Perhaps the most magical feeling in the world is when you convert a lead. Seriously, it’s outstanding. After all, we try, and we try to figure out what works, leaving us scratching our heads onto what strategy has worked before and will it work again.
According to a study by Marketing Professionals, only 27% of companies surveyed felt their inbound marketing efforts were successful, which if you’ve been feeling that way too, then you’re in the majority. However, there are a lot of options out there to start sprucing up your lead gen to gain more traction. That’s why I’ve outlined a few of the common problems I’ve seen to correct in your efforts. Check them out below:
Your Site Is Poorly Designed
One of the biggest reasons that people don’t convert leads because their site has visitors leaving before they even really dive in. Even something as simple as a poor logo design can turn a customer off, giving a sense of discounted legitimacy. Additionally, beyond the aesthetics, a lot of companies tend to neglect how their website and user experience should be curtailed to driving home lead.
While it might seem tough, you need to go through your site as if you’re a first-time customer. Start digging through and asking yourself- Does our website make sense? Do people know what we do? Why should they want to sign up? And most importantly, at what places should they sign-up/contact?
Another important thing to note in examining your design elements is how well they’re curtailed to mobile. According to a survey by Hubspot, 49% of B2B researchers who use their mobile devices for product research do so while at work. That means if your mobile strategy isn’t in place to land a lead, then you’re at risk of losing almost have your customer base. Overall, improving your design can do numbers for your lead generation efforts, and is something you should seriously consider investing in.
Finally, don’t be afraid to conduct feedback surveys or even bring in some outside help on design solutions. Even though we see hundreds of websites daily and think we have a knack for what they’re supposed to look like, there’s a lot of science behind the scenes you might not be considering.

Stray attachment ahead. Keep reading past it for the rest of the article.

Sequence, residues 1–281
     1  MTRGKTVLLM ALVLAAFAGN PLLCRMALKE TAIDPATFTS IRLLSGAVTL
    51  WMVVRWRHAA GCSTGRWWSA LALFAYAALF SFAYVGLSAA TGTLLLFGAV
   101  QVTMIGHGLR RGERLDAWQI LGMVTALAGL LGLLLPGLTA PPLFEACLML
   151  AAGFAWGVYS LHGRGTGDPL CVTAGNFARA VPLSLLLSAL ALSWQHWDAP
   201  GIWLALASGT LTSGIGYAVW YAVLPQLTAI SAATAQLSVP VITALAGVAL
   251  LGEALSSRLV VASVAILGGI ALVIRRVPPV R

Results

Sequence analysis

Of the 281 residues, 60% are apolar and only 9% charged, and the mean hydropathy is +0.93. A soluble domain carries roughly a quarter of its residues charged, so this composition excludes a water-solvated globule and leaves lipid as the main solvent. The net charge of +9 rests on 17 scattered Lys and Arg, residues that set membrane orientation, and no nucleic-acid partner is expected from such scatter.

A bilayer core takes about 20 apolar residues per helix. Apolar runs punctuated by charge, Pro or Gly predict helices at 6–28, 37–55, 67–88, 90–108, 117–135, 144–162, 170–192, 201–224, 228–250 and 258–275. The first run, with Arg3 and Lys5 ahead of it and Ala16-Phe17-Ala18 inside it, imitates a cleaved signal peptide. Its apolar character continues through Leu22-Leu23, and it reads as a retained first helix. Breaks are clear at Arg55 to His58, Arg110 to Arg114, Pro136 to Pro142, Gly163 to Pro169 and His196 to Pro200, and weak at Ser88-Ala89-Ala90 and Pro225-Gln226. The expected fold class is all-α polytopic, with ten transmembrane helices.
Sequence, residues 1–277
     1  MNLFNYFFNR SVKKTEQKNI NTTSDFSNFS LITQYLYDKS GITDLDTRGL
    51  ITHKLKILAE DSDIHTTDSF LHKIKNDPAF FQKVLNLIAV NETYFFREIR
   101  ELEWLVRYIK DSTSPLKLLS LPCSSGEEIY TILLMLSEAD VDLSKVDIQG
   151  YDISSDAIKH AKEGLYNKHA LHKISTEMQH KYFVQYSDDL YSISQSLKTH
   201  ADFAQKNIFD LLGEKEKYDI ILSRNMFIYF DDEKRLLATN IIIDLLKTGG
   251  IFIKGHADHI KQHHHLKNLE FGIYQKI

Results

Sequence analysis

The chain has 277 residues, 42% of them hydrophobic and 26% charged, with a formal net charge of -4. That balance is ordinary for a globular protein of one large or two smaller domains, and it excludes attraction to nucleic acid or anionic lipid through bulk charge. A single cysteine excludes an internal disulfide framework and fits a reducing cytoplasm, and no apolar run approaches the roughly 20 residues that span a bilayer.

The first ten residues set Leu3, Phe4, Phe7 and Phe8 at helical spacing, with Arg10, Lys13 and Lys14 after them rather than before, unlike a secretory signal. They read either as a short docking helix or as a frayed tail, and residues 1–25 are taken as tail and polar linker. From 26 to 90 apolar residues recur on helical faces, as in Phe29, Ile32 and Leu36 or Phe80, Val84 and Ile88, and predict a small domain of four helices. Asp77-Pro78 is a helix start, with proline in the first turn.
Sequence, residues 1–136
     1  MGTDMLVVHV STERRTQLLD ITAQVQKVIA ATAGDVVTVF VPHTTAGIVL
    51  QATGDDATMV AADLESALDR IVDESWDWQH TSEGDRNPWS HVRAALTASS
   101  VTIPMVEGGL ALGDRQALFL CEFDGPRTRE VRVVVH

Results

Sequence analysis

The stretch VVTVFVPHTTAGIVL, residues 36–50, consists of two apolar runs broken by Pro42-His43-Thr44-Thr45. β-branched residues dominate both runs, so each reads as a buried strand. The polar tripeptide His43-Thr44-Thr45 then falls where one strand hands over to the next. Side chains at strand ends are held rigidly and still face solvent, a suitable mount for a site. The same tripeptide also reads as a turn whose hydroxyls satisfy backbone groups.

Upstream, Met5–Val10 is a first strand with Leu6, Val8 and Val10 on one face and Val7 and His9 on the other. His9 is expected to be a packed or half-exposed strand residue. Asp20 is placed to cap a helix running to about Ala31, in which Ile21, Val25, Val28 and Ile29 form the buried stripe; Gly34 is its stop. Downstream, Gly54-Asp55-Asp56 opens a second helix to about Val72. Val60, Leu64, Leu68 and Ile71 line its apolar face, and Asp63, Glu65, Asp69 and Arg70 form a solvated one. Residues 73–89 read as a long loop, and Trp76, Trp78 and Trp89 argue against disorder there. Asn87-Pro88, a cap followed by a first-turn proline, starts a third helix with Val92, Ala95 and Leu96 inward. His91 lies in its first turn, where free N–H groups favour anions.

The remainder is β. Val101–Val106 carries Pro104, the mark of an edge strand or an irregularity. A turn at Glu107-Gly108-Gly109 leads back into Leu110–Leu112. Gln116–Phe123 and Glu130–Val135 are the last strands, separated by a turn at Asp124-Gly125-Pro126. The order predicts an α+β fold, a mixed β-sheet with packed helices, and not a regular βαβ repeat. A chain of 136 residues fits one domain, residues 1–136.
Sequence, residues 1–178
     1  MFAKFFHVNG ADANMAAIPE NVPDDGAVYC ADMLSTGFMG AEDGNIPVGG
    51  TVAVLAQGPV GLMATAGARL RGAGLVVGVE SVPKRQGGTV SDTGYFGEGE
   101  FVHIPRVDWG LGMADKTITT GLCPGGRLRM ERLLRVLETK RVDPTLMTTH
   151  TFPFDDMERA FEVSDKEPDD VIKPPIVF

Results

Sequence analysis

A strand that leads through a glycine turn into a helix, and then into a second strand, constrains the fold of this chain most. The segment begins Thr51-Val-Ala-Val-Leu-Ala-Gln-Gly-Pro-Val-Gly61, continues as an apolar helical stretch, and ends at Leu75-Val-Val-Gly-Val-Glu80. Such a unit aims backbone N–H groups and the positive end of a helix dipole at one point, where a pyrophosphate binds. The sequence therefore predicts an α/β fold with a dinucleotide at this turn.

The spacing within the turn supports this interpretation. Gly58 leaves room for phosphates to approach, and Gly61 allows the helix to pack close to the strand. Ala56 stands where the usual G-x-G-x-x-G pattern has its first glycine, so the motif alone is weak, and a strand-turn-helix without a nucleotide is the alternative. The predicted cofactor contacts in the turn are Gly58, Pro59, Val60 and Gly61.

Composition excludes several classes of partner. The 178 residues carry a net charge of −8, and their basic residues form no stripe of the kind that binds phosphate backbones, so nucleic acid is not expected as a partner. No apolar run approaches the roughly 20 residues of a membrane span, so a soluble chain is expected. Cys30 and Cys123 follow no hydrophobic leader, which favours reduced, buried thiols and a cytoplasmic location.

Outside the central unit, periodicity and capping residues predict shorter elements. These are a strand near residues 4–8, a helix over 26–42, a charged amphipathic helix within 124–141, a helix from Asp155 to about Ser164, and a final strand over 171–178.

You Don’t Have a Diverse Strategy In Place
Gaining and converting leads can have a lot of faces to it. Sometimes we’re great at one aspect, such as cold calling or referrals, while we lack quite a bit in another. However, this is why it’s important to implement a few different strategies to test and see where your market fit resides.
An excellent example of this is to install a content marketing strategy. With content, there’s a slew of different projects you can pursue, including blog posts, case studies, research, email blasts/newsletters, and even photo/videos. It can provide you with the opportunity of becoming a thought leader in providing noteworthy commentary, which boosts trust and assurance in your potential customers.
You’re Not Educating Your Team Enough
According to a survey conducted by Kissmetrics, 65% of companies don’t have a lead nurturing program in place. Although every sales team is different (some folks feel comfortable letting their employees wing it, while others have a designed script), there needs to be a process in place that helps steer your team in the right direction.
That is particularly useful for a few reasons: First off, there’s a level of accountability regarding making sure leads aren’t gone to waste. Second, as companies change, so do their products, which means there has to be a level of education in what’s changed and how it impacts your potential customers. And finally, having a transparent process allows for different members of your sales team to collaborate on closing the deal.
As most of us already know, converting sales is no easy task as there’s no rhyme or reason to what defines consistent success. Some months are good, others not so much, but the best thing you can do is try to change up your game to stay relevant. I know you might be thinking that all of this might be costly, but trust me, it’ll pay off in the long run. Plus, when it comes to getting a sale, how much are you willing to spend to ensure success?